With some weary eyes this morning, we had a nice continental breakfast before heading out for our day on the Ypres Salient, with our first stop at the Menin Gate. The structure, which is a memorial to the missing, was to book-end our day, as we would return there tonight for the Last Post ceremony.
Here, James Hatton and India Allen were able to locate the names of their relatives and leave a cross of remembrance and fill in the visitor’s book. Tonight they would be here again to take part in the ceremony. From there, we walked The Ramparts to the Lille Gate and then went on to St George’s Church – built specifically as a place where pilgrims like ourselves could go to pay their respects.
Just before our next stop, Mrs Kirkland spotted this little visitor just next to the Lille Gate at the cemetery there…
When the visited the hugely impressive In Flanders Fields museum which is housed inside the imposing Cloth Hall in the middle of Ypres. A very interactive and modern museum, pupils had wristbands that they could scan as they went round to reveal stories, videos and voices of the Great War.
After some free time to explore the centre of what has become modern day Ypres – a gently bustling city centre with café-culture and shopping at its heart. Ice creams and even forays into the fountain (and that was just Miss McKay) were enjoyed before we boarded the coach to take us to our lunch spot at Hill 60.
Once we had devoured our packed lunches together, we ventured to Sanctuary Wood – a highlight for many. Here, we were able to walk through real trenches and tunnels that have been restored, complete with mud. There are also huge display cases of real shells, guns and military equipment that have since been harvested.
With a brief stop to discuss the role of gas attacks in WW1, at Vancouver Corner, Mr Cox read Wilfrid Owens Dulce et Decorum Est. From here we went to our last stop of the afternoon at Tyne Cot. This is the largest British cemetery in the world, with the iconic cross of sacrifice towering above the gravestones. Pupils were able to explore the names and search for relatives on the computer system.
The evening was spent at Utopia, a restaurant in Ypres where we tucked in to chicken and chips before going to hold a good place for the Last Post Ceremony. James, India and Lucy Clark (in their uniform in the near 30 degree heat… no non-blazer days here…) took part in the ceremony. Lucy will locate her relative tomorrow at Thiepval. It was a very moving experience and our pupils were beautifully engaged and respectful.
Last stop of this packed day was the chocolate shop before returning home to the hotel for a much needed bedtime at 10pm. Tomorrow is our day on the Somme, so we’re going to need some rest!
After making excellent time down the M1 this morning, we stopped at South Mimms services to get some well-needed breakfast and to stretch our legs. On from there, we carried on to Dover where we had a very calm and enjoyable crossing to France.
After watching an excellent film by Tony Robinson (known to most as Baldrick from Blackadder) about the causes and start of WW1, Mr Franks told us about the Ypres Salient, our home for the next 3 nights. Our first stop was at Essex Farm Cemetery and Dressing Station, home to the graves of many who gave their lives on the Salient, but particularly to one John McRae.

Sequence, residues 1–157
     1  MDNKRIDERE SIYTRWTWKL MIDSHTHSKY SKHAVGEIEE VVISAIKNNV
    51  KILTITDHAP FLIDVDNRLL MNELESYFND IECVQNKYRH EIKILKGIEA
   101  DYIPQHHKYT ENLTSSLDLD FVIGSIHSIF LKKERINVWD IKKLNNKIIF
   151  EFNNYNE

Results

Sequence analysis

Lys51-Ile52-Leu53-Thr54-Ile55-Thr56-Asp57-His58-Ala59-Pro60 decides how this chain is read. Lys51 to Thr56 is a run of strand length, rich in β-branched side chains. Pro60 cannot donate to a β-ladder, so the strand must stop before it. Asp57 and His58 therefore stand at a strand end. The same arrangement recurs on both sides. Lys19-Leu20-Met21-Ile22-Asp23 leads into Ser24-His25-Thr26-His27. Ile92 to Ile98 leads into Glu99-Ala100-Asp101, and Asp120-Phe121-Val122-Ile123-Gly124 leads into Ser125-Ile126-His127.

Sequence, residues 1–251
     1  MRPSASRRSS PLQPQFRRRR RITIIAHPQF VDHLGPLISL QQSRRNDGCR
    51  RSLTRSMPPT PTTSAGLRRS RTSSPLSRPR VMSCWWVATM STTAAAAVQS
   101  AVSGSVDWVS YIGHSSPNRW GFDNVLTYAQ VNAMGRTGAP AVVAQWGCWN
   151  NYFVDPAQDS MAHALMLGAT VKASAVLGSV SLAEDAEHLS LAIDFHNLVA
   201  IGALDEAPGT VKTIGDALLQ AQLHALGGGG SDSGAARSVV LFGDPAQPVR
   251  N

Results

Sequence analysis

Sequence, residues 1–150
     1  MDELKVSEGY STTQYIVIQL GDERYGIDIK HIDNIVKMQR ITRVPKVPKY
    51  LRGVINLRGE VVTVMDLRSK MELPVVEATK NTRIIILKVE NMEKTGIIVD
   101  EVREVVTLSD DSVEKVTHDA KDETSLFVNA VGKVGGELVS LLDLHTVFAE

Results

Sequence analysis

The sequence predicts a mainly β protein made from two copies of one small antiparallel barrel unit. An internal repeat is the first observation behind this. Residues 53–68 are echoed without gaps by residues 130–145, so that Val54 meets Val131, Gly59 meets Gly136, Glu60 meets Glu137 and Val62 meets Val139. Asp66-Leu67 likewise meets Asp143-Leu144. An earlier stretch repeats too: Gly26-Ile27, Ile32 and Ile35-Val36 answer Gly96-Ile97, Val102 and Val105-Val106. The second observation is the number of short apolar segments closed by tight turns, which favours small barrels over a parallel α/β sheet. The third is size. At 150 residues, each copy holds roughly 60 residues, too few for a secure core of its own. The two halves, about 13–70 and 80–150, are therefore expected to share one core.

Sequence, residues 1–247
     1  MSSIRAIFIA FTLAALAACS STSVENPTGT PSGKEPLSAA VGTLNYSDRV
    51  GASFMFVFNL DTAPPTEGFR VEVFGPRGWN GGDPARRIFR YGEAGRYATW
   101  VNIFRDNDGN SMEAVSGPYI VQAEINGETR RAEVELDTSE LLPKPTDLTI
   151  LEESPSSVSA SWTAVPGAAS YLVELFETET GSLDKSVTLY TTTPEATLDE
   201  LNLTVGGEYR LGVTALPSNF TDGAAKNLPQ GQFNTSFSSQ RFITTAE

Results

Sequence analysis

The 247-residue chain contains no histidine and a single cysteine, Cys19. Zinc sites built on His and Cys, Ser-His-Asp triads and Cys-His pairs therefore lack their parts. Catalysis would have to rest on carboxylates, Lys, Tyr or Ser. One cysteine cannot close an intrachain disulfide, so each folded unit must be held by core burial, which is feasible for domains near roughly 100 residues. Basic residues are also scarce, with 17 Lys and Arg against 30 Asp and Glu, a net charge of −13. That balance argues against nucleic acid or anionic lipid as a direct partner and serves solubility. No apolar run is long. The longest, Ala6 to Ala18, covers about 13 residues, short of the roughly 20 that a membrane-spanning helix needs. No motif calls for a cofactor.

McRae was a Canadian soldier who penned the famous In Flanders Fields poem that refers to the poppies that to this day have become symbols of remembrance for the Great War. After Mr Cox read the poem next to his memorial, we explored the dressing stations and then boarded the coach that would take us to our hotel, the Munchenhof in Langemarck.
After checking in and having time to settle in and unwind (or play football, as the boys decided…) we had dinner at the hotel. Plates were piled high with vegetables chips and chicken as we enjoyed a very civilized meal together. After some free time to let our food settle (yes, more football), we embarked on a night walk to nearby the German Cemetery, in Langemarck.
German cemeteries have a different look and feel – no English country garden with mown lawns and upright headstones here. Instead, the graves are flat the ground and the whole atmosphere is different and eerie. We decided to go at dusk to augment the feel. Pupils were reverend and excellently behaved as we explored the gravestones and the architecture of the site.
Lights out at 10:30 tonight, as we are off to Ypres tomorrow. Breakfast is 7:30 sharp!
The journey home has gone to plan so we expect to be home by 1pm. We look forward to seeing you all at school soon!
We are off the Eurotunnel and now driving back to Chesterfield. Looking forward to seeing you all soon!
This afternoon we performed our concert at St Michael’s Basilica, which is where Maria and Captain Von Trapp get married in the Sound Of Music. It was an absolutely stunning church and all of the pupils performed brilliantly. Involved in the concert were upper school choir, festival choir, manflesh, string quintet, chamber choir and soloists.
This evening at the hotel is barbecue evening. We have enjoyed a delicious barbecue and are now enjoying free time, playing rounders and on the trampolines.
This afternoon the pupils performed absolutely brilliantly at our first concert. It was a beautiful venue on Lake Wolfgang and the sun was shining! Festival choir, upper school choir, manflesh, barbershop quartet, acapella choir, jazz band, brass band, string quintet, sax ensemble and soloists performed in our concert and were all superb!